Date: Mon, 15 Oct 90 12:25:06 EDT From: rossini%biostat at endor.harvard.edu (Tony Rossini) Subject: Boston homebrew and brewpubs Thanks to all for replies about Boston. If anyone would like a summary, drop me a line and I'll email them to you (it contains comments about boston homebrew suppliers and brewpubs (both of them). I'd rather not post what must be redundant material to most of you... -tony (rossini at biostat.harvard.edu) Return to table of contents
Date: Mon, 15 Oct 90 14:51:30 PDT From: Dave Sheehy <dbs at hprnd.rose.hp.com> Subject: HBD #506 Could someone send me a copy of HBD #506? I didn't get one for some reason and it's not in the archive at netlib either. Thanx, Dave Sheehy dbs at hprnd.hp.com Return to table of contents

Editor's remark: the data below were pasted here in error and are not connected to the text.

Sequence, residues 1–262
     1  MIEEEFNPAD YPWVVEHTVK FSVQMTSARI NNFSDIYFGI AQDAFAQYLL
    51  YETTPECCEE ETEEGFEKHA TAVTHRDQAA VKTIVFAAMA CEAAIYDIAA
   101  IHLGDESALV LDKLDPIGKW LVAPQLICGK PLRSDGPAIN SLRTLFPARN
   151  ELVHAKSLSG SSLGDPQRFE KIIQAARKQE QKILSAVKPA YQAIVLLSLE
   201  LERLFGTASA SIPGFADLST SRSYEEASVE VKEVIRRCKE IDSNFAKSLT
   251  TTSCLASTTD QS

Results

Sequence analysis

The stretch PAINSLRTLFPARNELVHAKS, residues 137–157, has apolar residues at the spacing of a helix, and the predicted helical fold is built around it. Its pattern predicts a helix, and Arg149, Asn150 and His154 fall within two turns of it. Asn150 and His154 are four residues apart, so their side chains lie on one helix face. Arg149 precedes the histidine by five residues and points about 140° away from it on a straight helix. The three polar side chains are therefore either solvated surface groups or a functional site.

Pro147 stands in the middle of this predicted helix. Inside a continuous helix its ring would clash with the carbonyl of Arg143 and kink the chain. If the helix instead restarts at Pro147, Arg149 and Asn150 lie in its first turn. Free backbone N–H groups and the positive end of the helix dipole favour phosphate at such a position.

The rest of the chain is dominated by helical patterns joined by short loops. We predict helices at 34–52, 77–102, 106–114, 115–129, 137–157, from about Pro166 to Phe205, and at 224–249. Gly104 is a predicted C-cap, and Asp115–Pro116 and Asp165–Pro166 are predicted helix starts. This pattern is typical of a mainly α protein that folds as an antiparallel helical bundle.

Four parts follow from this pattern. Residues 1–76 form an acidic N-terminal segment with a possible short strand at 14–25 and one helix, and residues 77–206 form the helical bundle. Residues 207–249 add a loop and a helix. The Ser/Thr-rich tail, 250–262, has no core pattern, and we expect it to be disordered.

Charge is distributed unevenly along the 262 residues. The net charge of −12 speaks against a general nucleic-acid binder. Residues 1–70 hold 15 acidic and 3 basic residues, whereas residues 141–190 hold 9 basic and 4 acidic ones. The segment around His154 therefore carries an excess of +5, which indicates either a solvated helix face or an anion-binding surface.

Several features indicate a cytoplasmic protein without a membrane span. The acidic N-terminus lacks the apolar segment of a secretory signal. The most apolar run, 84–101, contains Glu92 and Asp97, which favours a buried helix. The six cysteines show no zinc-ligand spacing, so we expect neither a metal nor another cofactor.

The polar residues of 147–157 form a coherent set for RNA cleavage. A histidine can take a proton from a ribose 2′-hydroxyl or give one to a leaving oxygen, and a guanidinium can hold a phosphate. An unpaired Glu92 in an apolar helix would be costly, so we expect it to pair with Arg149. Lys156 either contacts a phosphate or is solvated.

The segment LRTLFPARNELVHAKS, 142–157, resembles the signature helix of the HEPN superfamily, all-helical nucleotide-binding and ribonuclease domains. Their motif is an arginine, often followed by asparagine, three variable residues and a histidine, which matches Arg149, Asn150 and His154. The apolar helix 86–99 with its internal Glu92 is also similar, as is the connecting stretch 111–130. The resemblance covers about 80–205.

Date: Mon, 15 Oct 90 16:59:01 cst From: "Schoon,Timothy G" <SCHOON%GRIN1.BITNET at CUNYVM.CUNY.EDU> Subject: Cherries in the Snow We are thinking of making "Cherries in the Snow" according to Pappazian's book. It says it takes years to age appropriately. Do you realy have to wait that long before it is good? Is there anything you can do to shorten the aging time? tim and jim Return to table of contents